Defense Secretary Robert Gates, the most prominent Republican in President Barack Obama's inner circle plans to remain in his Cabinet post for at least another year.
Gates told Obama in December that he would stay on at least through the end of 2010, Pentagon spokesman Geoff Morrell said Thursday. The White House had no immediate comment.
Gates held the top defense job for two years under President George W. Bush. Obama had asked Gates to stay on shortly after Obama won the 2008 presidential election. The move was meant to maintain stability in a time of two wars and made good on an Obama promise to include Republicans among his close advisers.
Hundreds of law enforcement officers are being trained as federal air marshals to ramp up security as the Obama administration tries to prevent a repeat of the near-catastrophic attempt to blow up an airliner bound for Detroit on Christmas Day.
President Barack Obama ordered the U.S. intelligence agencies to do a better job of recognizing serious terror threats and sharing information with those who can disrupt a plot as quickly as possible.
The White House on Thursday released a declassified summary of a two-week review that began when a 23-year-old Nigerian man allegedly tried to blow up a Northwest Airlines flight from Amsterdam to Detroit with an explosive hidden in his underwear.
President Barack Obama signaled to House Democratic leaders Wednesday that they'll have to drop their opposition to taxing high-end health insurance plans to pay for health coverage for millions of uninsured Americans.
In a meeting at the White House, Obama expressed his preference for the insurance tax contained in the Senate's health overhaul bill, but largely opposed by House Democrats and organized labor, Democratic aides said. The aides spoke on condition of anonymity because the meeting was private.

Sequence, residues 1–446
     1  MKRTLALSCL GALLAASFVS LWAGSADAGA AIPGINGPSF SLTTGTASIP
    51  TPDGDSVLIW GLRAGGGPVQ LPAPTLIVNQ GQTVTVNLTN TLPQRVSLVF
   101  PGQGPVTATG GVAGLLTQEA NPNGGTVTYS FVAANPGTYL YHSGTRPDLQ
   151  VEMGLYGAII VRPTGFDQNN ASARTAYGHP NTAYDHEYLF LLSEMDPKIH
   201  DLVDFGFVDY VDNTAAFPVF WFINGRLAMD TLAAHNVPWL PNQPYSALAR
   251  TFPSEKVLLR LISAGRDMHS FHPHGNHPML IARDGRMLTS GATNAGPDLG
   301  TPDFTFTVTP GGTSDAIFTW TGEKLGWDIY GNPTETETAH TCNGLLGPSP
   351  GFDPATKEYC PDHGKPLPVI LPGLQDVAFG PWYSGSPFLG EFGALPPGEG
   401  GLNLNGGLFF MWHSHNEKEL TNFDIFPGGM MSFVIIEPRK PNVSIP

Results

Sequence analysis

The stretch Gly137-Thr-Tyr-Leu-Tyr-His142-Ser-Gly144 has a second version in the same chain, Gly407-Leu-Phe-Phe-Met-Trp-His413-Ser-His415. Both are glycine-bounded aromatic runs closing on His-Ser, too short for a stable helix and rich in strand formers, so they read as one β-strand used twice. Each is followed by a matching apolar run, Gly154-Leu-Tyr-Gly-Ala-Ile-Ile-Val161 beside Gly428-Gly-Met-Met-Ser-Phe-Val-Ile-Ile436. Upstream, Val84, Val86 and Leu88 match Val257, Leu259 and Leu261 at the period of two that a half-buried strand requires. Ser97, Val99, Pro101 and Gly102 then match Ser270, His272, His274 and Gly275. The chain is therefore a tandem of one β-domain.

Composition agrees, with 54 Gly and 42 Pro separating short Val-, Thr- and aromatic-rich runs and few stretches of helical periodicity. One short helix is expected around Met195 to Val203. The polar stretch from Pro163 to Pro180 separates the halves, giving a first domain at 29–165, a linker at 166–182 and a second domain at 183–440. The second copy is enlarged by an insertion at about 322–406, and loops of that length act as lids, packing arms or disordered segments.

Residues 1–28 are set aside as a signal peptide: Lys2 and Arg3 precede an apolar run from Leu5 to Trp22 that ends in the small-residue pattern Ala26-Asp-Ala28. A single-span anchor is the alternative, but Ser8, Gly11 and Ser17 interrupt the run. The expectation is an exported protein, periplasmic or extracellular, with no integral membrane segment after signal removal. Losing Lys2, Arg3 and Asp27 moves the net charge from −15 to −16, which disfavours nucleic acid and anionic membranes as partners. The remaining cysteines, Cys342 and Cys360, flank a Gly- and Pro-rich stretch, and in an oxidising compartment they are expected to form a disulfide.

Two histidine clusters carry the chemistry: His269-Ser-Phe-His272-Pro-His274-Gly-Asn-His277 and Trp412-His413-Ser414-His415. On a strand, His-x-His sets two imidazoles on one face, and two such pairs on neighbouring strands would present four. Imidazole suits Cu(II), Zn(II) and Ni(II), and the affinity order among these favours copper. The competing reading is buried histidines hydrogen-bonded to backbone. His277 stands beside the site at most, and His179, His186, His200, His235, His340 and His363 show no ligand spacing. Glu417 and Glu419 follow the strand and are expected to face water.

President Barack Obama scolded 20 of his highest-level officials on Tuesday over the botched Christmas Day terror attack on an airliner bound for Detroit, taking them jointly to task for "a screw-up that could have been disastrous" and should have been avoided.
After that 90-minute private reckoning around a table in the super-secure White House Situation Room, a grim-faced Obama informed Americans that the government had enough information to thwart the attack ahead of time but that the intelligence community, though trained to do so, did not "connect those dots."
"That's not acceptable, and I will not tolerate it," he said, standing solo to address the issue publicly for the fifth time — and the first in Washington — since the Dec. 25 incident.
President Barack Obama laid blame Saturday on an al-Qaida affiliate for a Christmas Day terrorist attack that has prompted a top-to-bottom review of how the nation's intelligence agencies failed to prevent the botched bombing aboard a Detroit-bound airliner.
In his most direct public language to date, the president described the path through Yemen of 23-year-old Umar Farouk Abdulmutallab, the Nigerian accused of trying to destroy Northwest Flight 253. The president also emphasized that the United States would continue its partnerships with friendly countries — citing Yemen, in particular — to fight terrorists and extremist groups around the globe.